First Thanksgiving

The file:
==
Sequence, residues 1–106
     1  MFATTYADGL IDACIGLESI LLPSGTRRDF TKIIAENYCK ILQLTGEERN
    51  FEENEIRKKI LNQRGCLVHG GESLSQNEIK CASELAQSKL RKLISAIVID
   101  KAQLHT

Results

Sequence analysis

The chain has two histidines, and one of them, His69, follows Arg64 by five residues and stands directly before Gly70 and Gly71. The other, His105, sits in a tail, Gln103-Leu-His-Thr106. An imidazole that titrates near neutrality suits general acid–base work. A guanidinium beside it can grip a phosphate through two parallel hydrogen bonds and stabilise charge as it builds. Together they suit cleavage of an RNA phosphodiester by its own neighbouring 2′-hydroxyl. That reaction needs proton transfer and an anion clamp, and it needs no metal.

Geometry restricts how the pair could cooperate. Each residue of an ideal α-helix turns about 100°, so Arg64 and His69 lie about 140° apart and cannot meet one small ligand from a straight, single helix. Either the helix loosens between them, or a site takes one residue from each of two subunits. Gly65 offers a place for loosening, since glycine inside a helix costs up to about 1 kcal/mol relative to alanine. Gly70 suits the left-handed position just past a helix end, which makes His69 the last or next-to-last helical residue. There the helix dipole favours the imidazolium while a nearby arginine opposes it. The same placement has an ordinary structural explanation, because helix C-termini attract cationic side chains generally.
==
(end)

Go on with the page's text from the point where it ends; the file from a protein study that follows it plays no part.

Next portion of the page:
When she comes back, from college, I will see the skin of her upper arms, cool, matte, glossy. She will hug me, my old soupy chest against her breasts, I will smell her hair! She will sleep in this apartment, her sleep like an untamed, good object, like a soul in a body. She came into my life the second great arrival, after him, fresh from the other world—which lay, from within him, within me, Those nights, I fed her to sleep, week after week, the moon rising, and setting, and waxing—whirling, over the months, in a slow blur, around our planet. Now she doesn't need love like that, she has had it. She will walk in glowing, we will talk, and then, when she's fast asleep, I'll exult to have her in that room again, behind that door! As a child, I caught bees, by the wings, and held them, some seconds, looked into their wild faces, listened to them sing, then tossed them back into the air—I remember the moment the arc of my toss swerved, and they entered the corrected curve of their departure. Sharon Olds